NASHVILLE, Tenn. (BP)–The Cooperative Program is the greatest missions funding mechanism in the history of Christendom and must be supported by sacrificial giving, Morris H. Chapman said in his final address to the Executive Committee in Nashville, Tenn., Feb. 22.
“The Cooperative Program is a highly valued resource for missions, ministries and theological education,” said Chapman, who has announced his plans to retire as Executive Committee president in September.
Southern Baptists’ combined giving results in 86 percent of every dollar received for national causes going to the International Mission Board and the North American Mission Board, Chapman said. This includes all Cooperative Program gifts, mission offerings and designated offerings to SBC entities.
“We can rejoice in the 86 percent that is being given to our mission boards from all the combined offerings that come to the Southern Baptist Convention,” Chapman said.
The remaining 14 percent is used to support theological education in six seminaries, as well as the Ethics & Religious Liberty Commission and facilitating ministries (SBC operating budget).
The Southern Baptist Convention has a need for “highly respected and greatly loved pastors who will stand up and declare the Cooperative Program for the missions and theological educational lifeline that it is and ask all pastors to do the same in their churches,” Chapman said.
As he departs his role as Executive Committee president, Chapman said his prayer will be that the Cooperative Program will reach greater heights than ever since its inception in 1925. The Cooperative Program, he said, is a unique gift from God.
“Many other denominations wish they knew how to receive it, how to spend it, how to get it together. None have ever been successful. I don’t know why God chose to give the Cooperative Program to us, but it is a treasure,” he said.
Chapman advised against shifting funds from one ministry to another amid financial challenges.
“[CP] reallocation among the SBC entities is not the road to revival, nor will it create drastic changes in the witness of our convention. Reallocation to one entity takes away from another entity,” Chapman said. “The pie cannot be stretched any further than 100 percent. The amount of the gifts must increase. That’s the answer.
“The decline of the Cooperative Program is rooted in the failure of today’s church members to practice biblical stewardship and the failure of pastors to cast a vision that stirs the hearts of God’s people to engage in direct missions sponsored by the church and to give generously through the Cooperative Program in order that our collective witness will be an eternal flame for Christ,” Chapman said.
In just over one decade, the average percentage of undesignated receipts that churches give through the Cooperative Program has declined from 10 percent to 6 percent.
“If our churches would raise their Cooperative Program gifts by an average of 1 percent, the Cooperative Program increase for all SBC entities would be $36 million in a given year. The International Mission Board alone would receive half of that amount or $18 million. The six seminaries would receive roughly $1 million,” Chapman said.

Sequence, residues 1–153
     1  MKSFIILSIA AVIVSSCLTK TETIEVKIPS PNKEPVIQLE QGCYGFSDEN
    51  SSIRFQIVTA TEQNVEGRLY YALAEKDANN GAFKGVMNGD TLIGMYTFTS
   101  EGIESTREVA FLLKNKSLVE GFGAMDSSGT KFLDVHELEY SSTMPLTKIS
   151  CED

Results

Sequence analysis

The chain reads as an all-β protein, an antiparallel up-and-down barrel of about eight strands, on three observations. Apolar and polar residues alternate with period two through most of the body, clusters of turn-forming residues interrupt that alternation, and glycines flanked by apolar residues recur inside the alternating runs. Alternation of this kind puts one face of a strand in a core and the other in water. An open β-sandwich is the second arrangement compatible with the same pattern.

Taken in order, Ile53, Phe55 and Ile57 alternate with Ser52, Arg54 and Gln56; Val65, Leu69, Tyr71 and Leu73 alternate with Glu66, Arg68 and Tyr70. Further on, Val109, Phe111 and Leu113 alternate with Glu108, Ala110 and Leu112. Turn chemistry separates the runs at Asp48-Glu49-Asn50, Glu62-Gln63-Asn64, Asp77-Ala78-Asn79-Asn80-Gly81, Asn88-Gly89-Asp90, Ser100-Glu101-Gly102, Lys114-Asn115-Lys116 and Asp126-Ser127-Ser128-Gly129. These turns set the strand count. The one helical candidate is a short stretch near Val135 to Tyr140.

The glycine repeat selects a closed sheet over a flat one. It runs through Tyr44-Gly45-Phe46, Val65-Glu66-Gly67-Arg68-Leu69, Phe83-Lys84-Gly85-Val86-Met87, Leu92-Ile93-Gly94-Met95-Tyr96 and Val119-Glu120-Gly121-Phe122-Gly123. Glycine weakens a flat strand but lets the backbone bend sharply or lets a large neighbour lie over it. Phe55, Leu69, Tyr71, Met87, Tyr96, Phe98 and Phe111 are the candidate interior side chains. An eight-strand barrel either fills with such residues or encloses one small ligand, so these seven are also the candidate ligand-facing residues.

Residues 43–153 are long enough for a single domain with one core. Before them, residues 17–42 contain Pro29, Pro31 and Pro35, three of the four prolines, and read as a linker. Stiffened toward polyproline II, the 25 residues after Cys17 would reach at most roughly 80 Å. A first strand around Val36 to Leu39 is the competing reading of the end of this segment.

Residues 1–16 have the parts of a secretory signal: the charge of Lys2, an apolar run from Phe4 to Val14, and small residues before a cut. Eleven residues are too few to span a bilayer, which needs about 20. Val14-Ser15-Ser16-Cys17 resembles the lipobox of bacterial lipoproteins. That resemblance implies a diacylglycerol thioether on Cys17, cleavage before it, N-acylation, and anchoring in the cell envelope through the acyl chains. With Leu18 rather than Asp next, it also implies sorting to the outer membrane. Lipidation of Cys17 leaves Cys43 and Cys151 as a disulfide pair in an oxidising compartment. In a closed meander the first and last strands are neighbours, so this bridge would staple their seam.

He pointed to the parable of the widow’s mite in Mark 12, where the woman gave to God all of the money she owned. Though the amount was small, the sacrifice was enormous.
“Jesus had designed the teaching moment to illustrate that people usually look at the amount to determine Kingdom worth, when instead they should be looking either to the proportion or the sacrifice,” Chapman said. “… The greater lesson to be learned from God’s Word is that our giving is to be sacrificial.”
A lack of sacrificial giving among Southern Baptists in general is a matter of the heart, Chapman said, and it must be corrected if the convention hopes for a stable future.
“In my opinion, the old Southern Baptist ship of Zion is not sailing steadily. It is being battered by the winds and the waves, but that’s not unusual for this old ship,” Chapman said. “In the years I have served you, I sought to add ballasts in one place or another to give the seafaring craft increased stability.
“But it appears that we have seldom sailed on glassy seas and maybe never will. Perhaps I sought in times to do the impossible. … I do believe, however, that someone had to be at the helm of the ship and I am thankful God gave me the opportunity to do my best although we may not have reached perfectly peaceful waters and a safe harbor.
“Today in America, I fear that too much is all about us rather than all about God. The present generations have convinced themselves that it is, after all, about them,” Chapman said. “When Satan catches us off stride, sleeping at the wheel or staring into space, the father of lies leaps into action to keep us from taking the leap of faith required to refocus upon Jesus and not ourselves.
“May we all together as Southern Baptists sail the seas more effectively in the years to come.”
Erin Roach is a staff writer for Baptist Press.